According to an intermediary who I was using to contact Jammie, he professed to be a “very private person“. Hence he was hoping that by ignoring me, I would just disappear. Like an irritating fly, I would buzz around periodically making my presence known. Then one day, out of the blue, he relented. He announced in a telephone call that he would talk. In providing him with examples of the other reports and interviews I was hoping that he would relent and provide me with a peek in the man himself, what motivated him and perhaps even reveal an amusing incident or two, but it was not to be. Instead what he provided was a straight telling of his career at Alex. More’s the pity. Hence Jannie will remain an enigma to me. Nonetheless, I would like to thank Jannie profusely for producing a thorough professional report.
Naturally Jannie’s report is written in the first person but wherever I have elaborated on his report, it will be in the third person.
Main picture: Jannie and Joan Fourie in 1995
Not many of us can, at the end of a school day, congratulate ourselves on having prevented, among other things, one or two cakes from being burnt, a Standard 6 pupil from being electrocuted, and a “patient” from “missing” an unpleasant lesson. Mrs. Maggs is one of the fortunate (or unfortunate) people who can.
The author of this article is unknown.
Main picture: Mrs. Maggs in 1971
As I was unable to track down any of Mr. Simms’s surviving relatives, what better way than to utilise a brief biography of Mr. Simms written by his sister, Mrs. Maggs in 1971.
Main picture: Mr. Simms in 1971
After 50 years the old Flip, or is that young Flip, instantly makes his presence felt. Within 30 seconds the serious tone belies a flippant comment meant to amuse and sometimes confuse the real from the unreal. Then comes the warning to me as I commence the interview: All replies must be taken with a boulder of salt. To expose the real Flip, I might have to interview “the girl”, now his wife of 50 years, Renée.
Personally for me, three attributes define Flippie. If one could capture the essence and bottle it, they would be the car, the girl and witty tongue-in-cheek over-the-top statements and mannerisms.
Instead of a formal style I have adopted Flip’s flippant style. But in order to obtain a measure of balance, I have allowed Flip to write the captions to the photos.
Main picture: Na 36 jaar. “I have lost my class”
At 87, Kathy Sutton is as energetic and spritely as ever. With barely a pause, she will elaborate why Alex was such an excellent school and Cordingley such as superb boss and person. She concedes that she never had to endure the caning that he administered but that was a different era.
This blog was written by the pupils of the Class of 1971 themselves. It would be great to hear from everybody. Two photos of Then and Now would also be super. There are no rules about how much or how little you would like to share or indeed what you would to include. The latest submissions will be included at the top of the blog thereby making the unread entries at the top of the blog.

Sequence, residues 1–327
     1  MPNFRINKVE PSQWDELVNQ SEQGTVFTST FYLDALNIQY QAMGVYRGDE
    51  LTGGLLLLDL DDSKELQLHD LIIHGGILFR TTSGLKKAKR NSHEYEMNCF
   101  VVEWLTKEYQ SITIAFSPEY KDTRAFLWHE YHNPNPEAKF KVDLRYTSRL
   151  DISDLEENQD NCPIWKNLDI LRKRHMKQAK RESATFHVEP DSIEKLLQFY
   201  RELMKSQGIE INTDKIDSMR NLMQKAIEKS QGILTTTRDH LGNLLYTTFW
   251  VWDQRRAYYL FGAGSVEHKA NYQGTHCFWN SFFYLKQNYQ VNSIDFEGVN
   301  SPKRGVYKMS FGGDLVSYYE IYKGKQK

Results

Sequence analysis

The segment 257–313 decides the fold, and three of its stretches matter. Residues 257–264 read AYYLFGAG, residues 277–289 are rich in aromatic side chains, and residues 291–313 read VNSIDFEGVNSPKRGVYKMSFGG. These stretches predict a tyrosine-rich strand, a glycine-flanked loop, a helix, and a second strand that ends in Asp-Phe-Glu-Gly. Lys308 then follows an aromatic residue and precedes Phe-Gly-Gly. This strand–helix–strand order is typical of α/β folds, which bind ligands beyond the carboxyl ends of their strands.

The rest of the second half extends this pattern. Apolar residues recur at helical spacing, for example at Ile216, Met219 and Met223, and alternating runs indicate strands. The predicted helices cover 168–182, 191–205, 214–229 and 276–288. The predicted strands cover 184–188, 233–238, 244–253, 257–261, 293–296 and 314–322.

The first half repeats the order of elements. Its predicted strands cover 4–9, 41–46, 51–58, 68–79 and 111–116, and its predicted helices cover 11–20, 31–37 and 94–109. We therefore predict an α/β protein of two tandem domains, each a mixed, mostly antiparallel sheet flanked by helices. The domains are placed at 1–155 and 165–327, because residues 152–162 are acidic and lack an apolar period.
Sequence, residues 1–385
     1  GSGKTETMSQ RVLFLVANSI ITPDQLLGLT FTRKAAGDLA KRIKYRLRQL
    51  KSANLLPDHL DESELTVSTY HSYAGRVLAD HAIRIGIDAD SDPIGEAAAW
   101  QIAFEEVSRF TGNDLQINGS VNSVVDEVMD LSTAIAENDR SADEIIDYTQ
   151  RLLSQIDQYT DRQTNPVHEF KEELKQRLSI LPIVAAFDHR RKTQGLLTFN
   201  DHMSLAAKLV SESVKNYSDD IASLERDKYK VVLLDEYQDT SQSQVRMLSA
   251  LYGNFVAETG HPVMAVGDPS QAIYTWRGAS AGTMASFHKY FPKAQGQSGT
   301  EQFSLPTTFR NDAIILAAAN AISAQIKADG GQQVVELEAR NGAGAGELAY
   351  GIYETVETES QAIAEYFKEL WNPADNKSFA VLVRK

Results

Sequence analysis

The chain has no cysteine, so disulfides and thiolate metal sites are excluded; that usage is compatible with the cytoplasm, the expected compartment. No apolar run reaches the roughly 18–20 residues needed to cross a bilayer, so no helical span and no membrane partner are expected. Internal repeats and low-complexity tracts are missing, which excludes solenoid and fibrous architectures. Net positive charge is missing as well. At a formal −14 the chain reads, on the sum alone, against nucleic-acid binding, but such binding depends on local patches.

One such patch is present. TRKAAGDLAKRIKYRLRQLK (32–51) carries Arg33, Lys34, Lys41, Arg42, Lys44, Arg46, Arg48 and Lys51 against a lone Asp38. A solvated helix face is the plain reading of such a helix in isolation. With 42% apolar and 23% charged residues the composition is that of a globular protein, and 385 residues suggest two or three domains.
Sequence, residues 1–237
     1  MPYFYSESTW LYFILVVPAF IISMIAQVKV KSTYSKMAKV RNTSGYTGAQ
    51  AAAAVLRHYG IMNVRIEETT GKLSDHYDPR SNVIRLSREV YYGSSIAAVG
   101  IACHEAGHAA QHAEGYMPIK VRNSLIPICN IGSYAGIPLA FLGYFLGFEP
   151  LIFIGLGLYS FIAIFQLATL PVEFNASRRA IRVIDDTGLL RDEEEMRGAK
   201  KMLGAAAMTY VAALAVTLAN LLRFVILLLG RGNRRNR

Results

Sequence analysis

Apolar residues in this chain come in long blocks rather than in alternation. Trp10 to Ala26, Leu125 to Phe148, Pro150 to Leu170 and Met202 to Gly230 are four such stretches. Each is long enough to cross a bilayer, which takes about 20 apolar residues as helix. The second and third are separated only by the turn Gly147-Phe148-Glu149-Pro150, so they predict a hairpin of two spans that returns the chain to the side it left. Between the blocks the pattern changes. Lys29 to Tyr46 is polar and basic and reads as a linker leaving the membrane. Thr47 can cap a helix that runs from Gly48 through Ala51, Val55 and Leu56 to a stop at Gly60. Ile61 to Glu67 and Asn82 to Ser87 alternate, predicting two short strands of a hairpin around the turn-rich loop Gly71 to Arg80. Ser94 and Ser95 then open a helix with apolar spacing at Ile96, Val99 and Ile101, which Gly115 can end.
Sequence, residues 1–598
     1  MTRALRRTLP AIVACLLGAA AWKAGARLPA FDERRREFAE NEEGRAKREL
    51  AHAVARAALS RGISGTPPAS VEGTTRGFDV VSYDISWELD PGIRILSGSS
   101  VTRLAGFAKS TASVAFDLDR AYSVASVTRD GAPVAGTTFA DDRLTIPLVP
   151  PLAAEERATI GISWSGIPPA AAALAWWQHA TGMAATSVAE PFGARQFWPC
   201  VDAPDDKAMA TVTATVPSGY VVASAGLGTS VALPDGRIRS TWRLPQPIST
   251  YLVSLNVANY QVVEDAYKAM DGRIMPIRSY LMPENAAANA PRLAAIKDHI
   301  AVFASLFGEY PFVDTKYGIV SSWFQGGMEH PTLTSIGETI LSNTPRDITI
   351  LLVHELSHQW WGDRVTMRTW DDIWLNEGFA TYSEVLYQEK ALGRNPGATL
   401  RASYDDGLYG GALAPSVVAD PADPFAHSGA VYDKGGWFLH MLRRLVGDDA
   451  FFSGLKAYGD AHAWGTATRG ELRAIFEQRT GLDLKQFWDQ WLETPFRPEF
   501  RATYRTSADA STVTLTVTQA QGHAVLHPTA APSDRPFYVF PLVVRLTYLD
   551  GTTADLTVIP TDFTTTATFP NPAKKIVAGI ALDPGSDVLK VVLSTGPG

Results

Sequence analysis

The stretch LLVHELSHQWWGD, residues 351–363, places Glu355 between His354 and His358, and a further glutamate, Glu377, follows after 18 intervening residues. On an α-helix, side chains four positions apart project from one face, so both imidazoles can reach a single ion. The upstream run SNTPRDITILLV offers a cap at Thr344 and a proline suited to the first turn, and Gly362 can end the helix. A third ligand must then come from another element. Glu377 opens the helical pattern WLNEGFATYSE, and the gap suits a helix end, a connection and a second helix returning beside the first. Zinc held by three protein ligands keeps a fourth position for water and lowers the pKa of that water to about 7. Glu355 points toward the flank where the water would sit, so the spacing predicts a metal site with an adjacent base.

Main picture: Montage of Class of ’71’s Assembly & Service Program as well as the Valedictory Address and Signatures [Thanks to Sonia Slement (Venter)]
In the photograph of the original staff of Alexander Road High School, is the visage of the lanky teacher of Geography, Bob Welsh in the front row. Bob never demanded respect from his pupils but rather he earned it. In many ways Bob was a more progressive teacher and the antithesis of certain senior teachers at the time. By evoking an interest in the subject, pupils responded in a like manner enabling Bob to teach with a light touch seldom if ever submitted the pupils to tirades of screaming.
That is my enduring memory of Bob Welsh, a kind and gentle man, never given to histrionics.
Main picture: Alex staff members in 1956 [front row 2nd from left]
Step into the Alex of today. No nostalgia here. What our grandchildren would see if they attended Alex now. Thanks to photographer extraordinaire, Margie Rudman, for the photos. I wonder what Cordingley would have done if he found Margie skiving off, not at her computer, and instead taking photos of the school?
This blog shines the spotlight on one of the original teachers at Alexander Road High School. It is a transcription from an article entitled OBITUARY: MISS LAUREEN ALMA CHILCOTT 1914-2007 by Peter Chilcott, her nephew.
Miss Chilcott taught at Alex from 1955 until her retirement in 1973.
Main picture: Miss Chilcott
Being the first principal of Alexander Road High School for its first 17 years, Cordingley had an inordinate influence on the development of the school. By shepherding it through its formative years, his role was pivotal in setting the school on the road to greatness.
Main picture: Winston Cordingley